If Not IsMissing(StartDate) Then

Substitute “[Forms]![frmPrintReportSetup]! _

[StartDate]”, RecSource, “#” & CStr(StartDate) & “#”

End If

Here’s the Substitute function itself:

Function Substitute(WhatStr As String, _

IntoStr As String, ReplaceStr As String) As String

Dim Floc As Integer

Dim BS As String


Floc = InStr(1, IntoStr, WhatStr, 2)

If Floc = 0 Then

Substitute = IntoStr

Exit Function

End If


Do While Floc > 0

BS = Mid$(IntoStr, 1, Floc – 1) & ReplaceStr & _

Mid$(IntoStr, Floc + Len(WhatStr), _

1 + Len(IntoStr) – (Floc + Len(WhatStr)))

IntoStr = BS

Floc = InStr(1, IntoStr, WhatStr, 2)



Substitute = BS


End Function

With the SQL statement retrieved, you can access the database and open the Recordset. The Lookup form fields are then manipulated to match the properties of the fields in the Recordset. I do this by opening the form in design view, hidden mode. I then set the form’s Caption and OrderBy properties. The caption is another parameter passed in to the ShowListing function:

Set db = CurrentDb

Set rs = db.OpenRecordset(RecSource, dbOpenSnapshot)

DoCmd.OpenForm “frmQueryList”, acDesign, _

, , , acHidden

Set frm = Forms!frmQueryList

frm.Caption = Cap

frm.OrderBy = Empty

The next code section loops through all of the fields in the report’s Recordset, one field at a time. First, I change the form’s label fields captions to the query’s field names, so that when the user opens the form in Datasheet view the field names will be displayed as column headings. Then I change the form field’s control source strings to the RecordSource field names and manipulate the form’s field formats to be consistent with the RecordSource’s data types. Formatting changes here aid in the consistent presentation of data to the user. I change the label captions and the field ControlSources to the query’s field names. If you have special formatting requirements for your data, specify it here. At the end of the loop, I assign the MaxFields value, to be used later:

i = 0

For Each F In rs.Fields

i = i + 1

frm(“Label” & CStr(i)).Caption = F.Name

frm(“Text” & CStr(i)).ControlSource = F.Name

If F.Type = dbCurrency Then

frm(“Text” & CStr(i)).Format = “Currency”

End If

If F.Type = dbDate Then

frm(“Text” & CStr(i)).Format = “mm-dd-yyyy”

End If

If F.Type = dbBoolean Then

frm(“Text” & CStr(i)).Format = “Yes/No”


If F.Type <> dbLongBinary Then _

frm(“Text” & CStr(i)).Format = Empty

End If

If i >= glbMaxFields Then Exit For

Next F

MaxFields = i

Next, I make the form’s RecordSource a query, qryTempLookupList. This is necessary because Access has a 2048-byte limit to the size of SQL statements. If I make the form’s RecordSource an SQL statement, there’s a danger that the operation will go down with an error if the SQL statement exceeds 2048 bytes.

To create the temporary query, I first check to see whether this query exists in the database. If the query already exists, I delete it, and re-create it using the new RecordSource SQL string:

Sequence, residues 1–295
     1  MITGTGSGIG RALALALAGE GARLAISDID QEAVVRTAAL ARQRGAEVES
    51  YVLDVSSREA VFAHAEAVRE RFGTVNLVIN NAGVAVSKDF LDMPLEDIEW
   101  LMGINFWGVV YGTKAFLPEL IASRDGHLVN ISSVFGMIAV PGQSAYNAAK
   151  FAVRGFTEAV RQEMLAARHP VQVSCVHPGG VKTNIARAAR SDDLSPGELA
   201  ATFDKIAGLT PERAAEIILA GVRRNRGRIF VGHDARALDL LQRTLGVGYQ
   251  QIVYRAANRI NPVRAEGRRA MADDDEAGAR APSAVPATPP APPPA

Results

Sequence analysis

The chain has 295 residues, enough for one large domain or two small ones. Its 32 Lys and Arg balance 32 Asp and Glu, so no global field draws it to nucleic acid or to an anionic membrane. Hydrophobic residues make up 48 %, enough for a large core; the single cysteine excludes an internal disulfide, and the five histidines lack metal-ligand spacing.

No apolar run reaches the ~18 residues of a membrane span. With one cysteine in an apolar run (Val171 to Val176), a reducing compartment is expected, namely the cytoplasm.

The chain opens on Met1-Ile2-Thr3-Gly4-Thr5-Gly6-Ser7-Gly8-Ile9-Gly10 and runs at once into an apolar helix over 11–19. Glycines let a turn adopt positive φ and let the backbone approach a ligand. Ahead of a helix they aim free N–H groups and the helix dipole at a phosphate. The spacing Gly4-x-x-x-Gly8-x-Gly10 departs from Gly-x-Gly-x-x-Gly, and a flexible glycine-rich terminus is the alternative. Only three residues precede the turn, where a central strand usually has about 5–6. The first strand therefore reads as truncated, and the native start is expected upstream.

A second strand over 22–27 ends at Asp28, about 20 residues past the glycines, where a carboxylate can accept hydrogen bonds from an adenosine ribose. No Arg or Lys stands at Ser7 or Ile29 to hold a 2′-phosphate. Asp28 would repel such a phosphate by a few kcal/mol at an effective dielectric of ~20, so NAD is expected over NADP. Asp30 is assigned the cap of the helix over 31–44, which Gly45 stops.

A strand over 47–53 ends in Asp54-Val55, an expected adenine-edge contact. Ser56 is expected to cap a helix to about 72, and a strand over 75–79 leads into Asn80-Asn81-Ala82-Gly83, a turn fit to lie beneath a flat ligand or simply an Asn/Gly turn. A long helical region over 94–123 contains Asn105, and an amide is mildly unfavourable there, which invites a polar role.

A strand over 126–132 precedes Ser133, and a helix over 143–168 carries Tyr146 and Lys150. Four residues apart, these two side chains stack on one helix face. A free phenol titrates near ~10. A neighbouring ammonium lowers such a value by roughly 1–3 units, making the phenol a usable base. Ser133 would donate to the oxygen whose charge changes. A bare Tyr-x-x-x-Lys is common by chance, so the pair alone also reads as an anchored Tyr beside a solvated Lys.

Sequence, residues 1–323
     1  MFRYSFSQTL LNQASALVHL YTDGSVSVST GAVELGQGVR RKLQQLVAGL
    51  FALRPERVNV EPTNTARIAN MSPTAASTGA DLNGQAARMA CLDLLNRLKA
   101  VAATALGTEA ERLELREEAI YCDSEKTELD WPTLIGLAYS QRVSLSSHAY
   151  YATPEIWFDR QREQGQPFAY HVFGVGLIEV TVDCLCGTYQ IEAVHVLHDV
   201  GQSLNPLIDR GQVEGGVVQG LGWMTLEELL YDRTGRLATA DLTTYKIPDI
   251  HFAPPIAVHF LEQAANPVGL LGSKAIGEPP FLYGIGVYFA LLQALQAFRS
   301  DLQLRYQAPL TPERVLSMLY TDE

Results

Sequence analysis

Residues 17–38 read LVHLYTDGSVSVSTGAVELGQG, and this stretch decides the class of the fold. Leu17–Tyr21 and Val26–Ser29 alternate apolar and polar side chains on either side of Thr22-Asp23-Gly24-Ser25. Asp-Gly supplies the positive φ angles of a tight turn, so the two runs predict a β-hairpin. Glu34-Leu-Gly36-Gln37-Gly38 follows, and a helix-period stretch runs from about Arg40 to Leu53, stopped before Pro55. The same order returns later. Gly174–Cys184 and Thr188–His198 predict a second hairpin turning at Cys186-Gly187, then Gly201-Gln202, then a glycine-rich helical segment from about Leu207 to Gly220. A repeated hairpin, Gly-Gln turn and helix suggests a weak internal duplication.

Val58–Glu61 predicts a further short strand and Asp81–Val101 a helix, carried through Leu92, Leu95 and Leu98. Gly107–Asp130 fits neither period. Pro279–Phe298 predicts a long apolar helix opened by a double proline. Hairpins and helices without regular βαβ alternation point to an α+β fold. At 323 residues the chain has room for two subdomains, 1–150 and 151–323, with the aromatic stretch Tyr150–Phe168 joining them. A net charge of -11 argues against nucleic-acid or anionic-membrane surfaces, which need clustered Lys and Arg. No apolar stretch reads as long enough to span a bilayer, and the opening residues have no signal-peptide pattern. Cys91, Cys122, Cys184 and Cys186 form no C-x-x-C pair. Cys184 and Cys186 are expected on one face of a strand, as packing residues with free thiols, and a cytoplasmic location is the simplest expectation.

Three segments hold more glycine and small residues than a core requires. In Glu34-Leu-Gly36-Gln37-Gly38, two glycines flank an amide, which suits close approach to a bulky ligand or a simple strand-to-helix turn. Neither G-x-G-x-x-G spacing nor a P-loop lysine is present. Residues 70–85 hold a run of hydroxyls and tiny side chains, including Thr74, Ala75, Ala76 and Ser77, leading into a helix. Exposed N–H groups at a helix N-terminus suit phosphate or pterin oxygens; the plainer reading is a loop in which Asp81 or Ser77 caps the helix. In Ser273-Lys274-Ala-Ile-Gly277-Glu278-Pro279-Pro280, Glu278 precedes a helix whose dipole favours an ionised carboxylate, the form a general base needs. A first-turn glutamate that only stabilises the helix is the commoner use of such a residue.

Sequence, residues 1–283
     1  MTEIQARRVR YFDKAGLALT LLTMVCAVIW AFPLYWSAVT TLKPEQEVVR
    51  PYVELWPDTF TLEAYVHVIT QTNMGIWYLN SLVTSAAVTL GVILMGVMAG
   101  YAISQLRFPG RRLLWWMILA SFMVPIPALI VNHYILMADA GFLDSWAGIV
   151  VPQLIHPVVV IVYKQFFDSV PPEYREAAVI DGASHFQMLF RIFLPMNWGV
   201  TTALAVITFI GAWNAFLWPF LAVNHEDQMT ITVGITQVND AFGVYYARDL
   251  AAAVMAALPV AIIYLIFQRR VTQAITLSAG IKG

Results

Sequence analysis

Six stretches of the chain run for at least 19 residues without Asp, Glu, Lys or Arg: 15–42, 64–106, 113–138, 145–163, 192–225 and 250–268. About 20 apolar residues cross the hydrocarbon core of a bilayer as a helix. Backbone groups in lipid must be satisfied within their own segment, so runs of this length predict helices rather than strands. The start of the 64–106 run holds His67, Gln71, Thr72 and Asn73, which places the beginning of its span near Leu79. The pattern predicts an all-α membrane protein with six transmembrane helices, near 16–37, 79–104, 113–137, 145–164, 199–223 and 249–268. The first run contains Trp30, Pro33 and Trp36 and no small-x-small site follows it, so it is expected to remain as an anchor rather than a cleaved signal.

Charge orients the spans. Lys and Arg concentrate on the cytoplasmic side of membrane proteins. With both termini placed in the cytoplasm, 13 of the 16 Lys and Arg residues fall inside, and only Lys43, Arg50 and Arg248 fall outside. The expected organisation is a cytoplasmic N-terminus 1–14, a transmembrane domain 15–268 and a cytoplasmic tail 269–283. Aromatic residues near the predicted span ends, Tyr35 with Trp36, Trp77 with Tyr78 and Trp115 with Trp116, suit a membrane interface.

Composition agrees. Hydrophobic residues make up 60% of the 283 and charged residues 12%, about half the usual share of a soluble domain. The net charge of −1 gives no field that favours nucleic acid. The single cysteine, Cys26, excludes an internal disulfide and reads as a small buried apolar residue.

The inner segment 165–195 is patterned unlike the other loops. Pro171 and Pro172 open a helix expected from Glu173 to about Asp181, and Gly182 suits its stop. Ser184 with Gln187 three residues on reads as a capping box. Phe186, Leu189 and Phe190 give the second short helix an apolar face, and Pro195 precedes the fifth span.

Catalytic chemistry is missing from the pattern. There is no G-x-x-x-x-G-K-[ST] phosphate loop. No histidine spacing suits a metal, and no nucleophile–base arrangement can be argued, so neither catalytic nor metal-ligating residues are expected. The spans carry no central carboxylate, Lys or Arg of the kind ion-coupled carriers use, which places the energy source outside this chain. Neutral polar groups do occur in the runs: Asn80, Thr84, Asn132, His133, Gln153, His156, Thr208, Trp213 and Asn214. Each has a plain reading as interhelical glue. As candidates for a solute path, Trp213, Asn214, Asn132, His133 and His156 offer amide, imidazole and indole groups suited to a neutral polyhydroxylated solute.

If DoesQueryExist(“qryTempLookupList”, CurrentDb) _

Then db.QueryDefs.Delete “qryTempLookupList”


db.CreateQueryDef “qryTempLookupList”, RecSource


frm.RecordSource = “qryTempLookupList”

With my form generated, I save all of the changes made to the form in design mode:

DoCmd.Save acForm, “frmQueryList”

The next code section computes the count and total values if the Write-totals check box on the setup form is set to True. This sample code displays the count of AppKeyField values and the sum of any Recordset field that’s formatted as Currency. The computed values are displayed in parentheses following the caption of the field. After making these changes, I close the form, saving my changes:

If WriteTotals Then

i = 1

For Each F In rs.Fields

If F.Type = dbCurrency Then

frm(“Label” & CStr(i)).Caption = _

frm(“Label” & CStr(i)).Caption & _

” (” & Format$(DSum(F.Name, “qryTempLookupList”), _

“$#,##0.00”) & “)”


If F.Name = “AppKeyField” Then

frm(“Label” & CStr(i)).Caption = _

frm(“Label” & CStr(i)).Caption & _

” (” & Format$(DCount(F.Name, _

“qryTempLookupList”), “#,###”) & “)”

End If

End If


i = i + 1

If i > glbMaxFields Then

Exit For

End If

Next F

End If

DoCmd.Close acForm, “frmQueryList”, acSaveYes


With the ad hoc customizations made, I open the form again to display the new data, this time in datasheet mode. Once I’ve reopened the form and got a reference to it, I make any fields past my glbMaxField limit invisible:

DoCmd.OpenForm “frmQueryList”, acFormDS

Set frm = Forms!frmQueryList


For i = 1 To glbMaxFields

If i > MaxFields Then

frm(“Text” & CStr(i)).ColumnHidden = True


frm(“Text” & CStr(i)).ColumnHidden = False

End If

Next i

ShowListing = True

Voilà! In Figure 3 you see a report, and in Figure 4, a query listing. In Figure 5, the lookup form associated with this QL is displayed.

Figure 3

I know if you take the time to sample the CARS database and try Query Lists out for size, you’ll be surprised how much they’ll add to your application. I also hope you’re further tempted to take a few more minutes out of your day to sit down and review the code to see how it works… something I should have done more of back when I got started.



 Figure 4


 Figure 5


 Your download file is called  Bombard_Query_List.accdb   and you can download it on this page Queries >>

About Garry Robinson

He is the guy who originally put this Smart Access web site together. Head to for more about him and his company. His main claim to fame is winning the Microsoft MVP award for services to MS Access from 2006 to 2018.